It seems way too long since we heard from one of the best bands too few folks know about, Tin Spirits. Adventurous poppy prog with seriously meaningful lyrics. The first two albums are must owns, and I’m sure the third will be as well.
Here’s the post that appeared on social media about an hour ago:
Dear Tins fans, we are delighted to let you know that after a lengthy leave of absence, work on the new album has begun. Will keep you updated but it’s so great to be back in a room making music
I’m not sure if I could exactly articulate my reasons as to why, but I’m not the least surprised that Dave Gregory’s birthday is two days away from the Autumnal Equinox. There’s a fullness and a force of the seasons not only in the calmness that radiates from Gregory’s humane qualities (he’s a true gentleman), but there’s also an intensity of life in all of his art.
Clearly, his music resides somewhere in that last joyous blast of summer love and freedom.
Regardless, happy birthday, Mr. Gregory. I know I speak for many upon many when I thank you for all you’ve given to the music world over the past four decades. Whether it’s pop, punk, new wave, rock, chamber, or prog, you give your absolute all.
The best way to celebrate such a feast? Listen and watch away!
And best of all, a brilliant interview with Dave. Well worth watching it all.
Seeing the little girls in their Easter dresses, witnessing the arrival of the first flowers, and feeling the cool pine air coming off of the Rockies, I couldn’t help but think of this glorious song from almost a year ago. Ave, Tin Spirits!
In the process of putting together an end-of-the-year book list for CWR, I came upon my 2004 post on my favorite books and music of 2004. The music list is quite interesting, with just one overtly prog album (Pain of Salvation’s “Be,” which is, in hindsight, one of my least favorite POS releases), and a fair amount of jazz (no surprise) and country (some surprise). I’m glad to say I still listen to much of the music on that list.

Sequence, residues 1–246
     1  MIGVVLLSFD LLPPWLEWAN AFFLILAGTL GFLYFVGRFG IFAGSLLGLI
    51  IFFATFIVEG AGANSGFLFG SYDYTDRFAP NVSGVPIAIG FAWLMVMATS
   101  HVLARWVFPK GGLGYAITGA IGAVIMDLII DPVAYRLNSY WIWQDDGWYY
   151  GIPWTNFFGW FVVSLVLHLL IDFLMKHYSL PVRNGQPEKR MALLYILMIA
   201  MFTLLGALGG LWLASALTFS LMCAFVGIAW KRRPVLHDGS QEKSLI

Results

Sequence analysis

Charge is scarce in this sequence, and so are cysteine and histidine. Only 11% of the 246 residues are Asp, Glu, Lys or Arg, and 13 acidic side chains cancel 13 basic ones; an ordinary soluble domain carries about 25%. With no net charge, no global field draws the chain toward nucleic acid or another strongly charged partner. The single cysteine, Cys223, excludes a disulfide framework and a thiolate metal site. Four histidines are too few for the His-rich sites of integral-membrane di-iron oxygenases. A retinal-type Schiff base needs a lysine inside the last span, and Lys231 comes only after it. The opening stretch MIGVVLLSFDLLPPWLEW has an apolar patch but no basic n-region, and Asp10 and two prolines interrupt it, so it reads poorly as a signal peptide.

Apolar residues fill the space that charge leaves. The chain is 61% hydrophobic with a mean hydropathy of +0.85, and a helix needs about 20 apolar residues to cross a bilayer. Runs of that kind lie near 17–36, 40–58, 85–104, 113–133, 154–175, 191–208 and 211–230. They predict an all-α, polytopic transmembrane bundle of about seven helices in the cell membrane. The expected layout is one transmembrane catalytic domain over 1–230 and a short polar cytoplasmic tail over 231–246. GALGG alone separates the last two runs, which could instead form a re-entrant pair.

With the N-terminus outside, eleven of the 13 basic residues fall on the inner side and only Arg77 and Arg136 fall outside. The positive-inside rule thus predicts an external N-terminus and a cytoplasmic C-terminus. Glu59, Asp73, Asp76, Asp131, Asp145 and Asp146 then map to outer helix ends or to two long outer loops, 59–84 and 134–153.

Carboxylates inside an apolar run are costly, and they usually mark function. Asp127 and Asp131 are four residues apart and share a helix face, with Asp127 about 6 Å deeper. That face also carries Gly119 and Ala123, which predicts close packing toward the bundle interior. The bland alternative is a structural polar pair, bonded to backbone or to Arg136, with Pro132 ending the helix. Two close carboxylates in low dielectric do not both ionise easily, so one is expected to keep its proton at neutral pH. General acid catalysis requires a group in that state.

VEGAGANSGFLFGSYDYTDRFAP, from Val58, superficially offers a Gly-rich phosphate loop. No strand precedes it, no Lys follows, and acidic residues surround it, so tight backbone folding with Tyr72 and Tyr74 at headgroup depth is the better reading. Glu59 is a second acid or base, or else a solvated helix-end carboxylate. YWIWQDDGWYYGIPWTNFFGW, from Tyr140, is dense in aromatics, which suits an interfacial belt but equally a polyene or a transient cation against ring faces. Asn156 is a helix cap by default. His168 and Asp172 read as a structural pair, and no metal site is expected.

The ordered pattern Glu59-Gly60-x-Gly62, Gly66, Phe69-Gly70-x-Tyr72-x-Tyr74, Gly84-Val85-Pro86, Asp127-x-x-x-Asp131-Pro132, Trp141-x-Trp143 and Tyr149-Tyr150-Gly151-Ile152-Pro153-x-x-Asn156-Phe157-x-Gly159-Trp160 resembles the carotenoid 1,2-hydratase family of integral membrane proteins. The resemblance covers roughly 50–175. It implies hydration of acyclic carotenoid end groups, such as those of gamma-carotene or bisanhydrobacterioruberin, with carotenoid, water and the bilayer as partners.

This year, I’ve decided to break my music picks from 2014 into three categories: prog/rock, jazz, and the kitchen sink (country, electronica, weirdness). I want to emphasize “favorite” here because there were so many releases I simply didn’t get to, despite uploading over 6500 songs in the past 12 months. Ah well!
And I’m going to try to keep it short and simple, with the exception of my thoughts on my #1 pick in prog, which is also my Favorite Album of the Year. What is it? Read on!
Favorite Prog and Rock Albums of 2014:
12. “Live at Rome Olympic Stadium” by Muse and “Tales from the Netherlands” by Mystery. Muse is about as proggy as a mega-selling, world-famous band can be, known for putting on live performances that are equally energetic and well played. This July 2013 performance is no exception, with the trio ripping through nineteen of their eclectic songs, ranging from from electro-tinged funk (“Panic Station”) to Queen-ish pomp (“Knights of Cydonia”) to Floyd-ish slyness (“Animals”). The DVD is very impressive, not only because it was filmed with HD/4K cameras but also because the band is at the top of their game.